try:
        return reduce(dict.get, *mapList, dataDict)
    except TypeError:
        return None


def sapi(d, *args, default=None):
    if not args:
        return d
    key, *args = args
    return sapi(d.get(key, default), *args, default=default)


def rget(d, *keys, default=None):
    sentinel = {}
    v = reduce(lambda c, k: c.get(k, sentinel), keys, d)
    if v is sentinel:
        return default
    return v


def assert_rget_behavior(func):
    """Unit tests for desired behavior of recursive dict.get()"""
    fail_count = 0

    # Basic retrieval when key-tree exists
    d = {'foo': {'bar': 'baz', 'empty': {}}}
    try:
        v = func(d, 'foo', 'bar')
        assert v == 'baz', f'Unexpected value {v} retrieved'
    except Exception as e:
        print(f'Case 1: Failed basic retrieval with {repr(e)}')
        fail_count += 1

    # Non-existent key-tree returns None
    try:
        v = func(d, 'bogus', 'key')
        assert v is None, f'Missing key retrieved as {v} instead of None'
    except Exception as e:
        print(f'Case 2: Failed missing retrieval with {repr(e)}')
        fail_count += 1

    # Option to specify a default aside from None
    default = 'alternate'
    try:
        v = func(d, 'bogus', 'key', default=default)
        assert v == default, f'Missing key retrieved as {v} instead of {default}'
    except Exception as e:
        print(f'Case 3: Failed default retrieval with {repr(e)}')
        fail_count += 1

    # Values which are an empty dict should return as themselves rather than the default
    try:
        v = func(d, 'foo', 'empty')
        assert v == {}, f'Empty dict value retrieved as {v} instead of {{}}'
    except Exception as e:
        print(f'Case 4: Failed retrieval of empty dict value with {repr(e)}')
        fail_count += 1

    # Success only if all pass
    if fail_count == 0:
        print('Passed all tests!')


if __name__ == '__main__':

    assert_rget_behavior(thomas_orozco)  # Fails cases 2 and 3
    assert_rget_behavior(jpp)  # Fails cases 1, 3, and 4
    assert_rget_behavior(sapi)  # Fails cases 2 and 3

    assert_rget_behavior(rget)  # Only one to pass all 3
1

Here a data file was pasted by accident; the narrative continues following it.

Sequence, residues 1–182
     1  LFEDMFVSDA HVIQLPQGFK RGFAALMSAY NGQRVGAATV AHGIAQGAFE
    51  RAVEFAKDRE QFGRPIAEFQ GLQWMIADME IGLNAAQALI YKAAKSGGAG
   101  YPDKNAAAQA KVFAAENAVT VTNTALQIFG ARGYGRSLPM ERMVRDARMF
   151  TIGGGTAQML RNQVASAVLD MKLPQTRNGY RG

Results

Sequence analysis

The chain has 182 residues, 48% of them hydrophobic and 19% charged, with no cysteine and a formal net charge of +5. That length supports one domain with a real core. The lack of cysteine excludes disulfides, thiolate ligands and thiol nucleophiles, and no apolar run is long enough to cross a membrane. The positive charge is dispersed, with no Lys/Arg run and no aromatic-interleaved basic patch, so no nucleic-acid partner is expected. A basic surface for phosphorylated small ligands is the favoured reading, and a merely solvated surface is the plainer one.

• I mean, strictly speaking, the actual request in my question was whether there is a module which does roughly what I asked for: "Is there some built-in method that has equivalent or similar behavior? If not, are there any standard or external modules that provide this behavior?" So the fact that none of the code in the other answers exactly matches the example usage in the question is not a problem as far as I'm concerned.
    – jayhendren
    Jun 17, 2022 at 1:17
0

softy provides a readable interface for this.

import softy
d = softy.soften({'foo': {'bar': 'baz'}})

if d.foo.bar is not softy.null:
    print(f'd.foo.bar is {d.foo.bar}')
else:
    print('Nope, not there')

as_dict = softy.harden(d)

https://pypi.org/project/softy/

Disclaimer: I am the author of softy

-1

collections.default_dict will handle the providing of default values for nonexistent keys at least.

3
  • 1
    I couldn't figure out a way to make it recursive. Jan 29, 2015 at 22:36
  • 2
    So will dict.get(). That's not the behavior I'm concerned with here.
    – jayhendren
    Jan 29, 2015 at 23:13
  • @jayhendren see my answer. I've debugged those functions and they're now used in production. Answer is here: stackoverflow.com/a/65842260/7076615 Feb 6, 2021 at 0:52
-1

The Iterative Solution

def deep_get(d:dict, keys, default=None, create=True):
    if not keys:
        return default
    
    for key in keys[:-1]:
        if key in d:
            d = d[key]
        elif create:
            d[key] = {}
            d = d[key]
        else:
            return default
    
    key = keys[-1]
    
    if key in d:
        return d[key]
    elif create:
        d[key] = default
    
    return default


def deep_set(d:dict, keys, value, create=True):
    assert(keys)
    
    for key in keys[:-1]:
        if key in d:
            d = d[key]
        elif create:
            d[key] = {}
            d = d[key]
    
    d[keys[-1]] = value 
    return value

I am about to test it inside of a Django project with a line such as:

keys = ('options', 'style', 'body', 'name')

val = deep_set(d, keys, deep_get(s, keys, 'dotted'))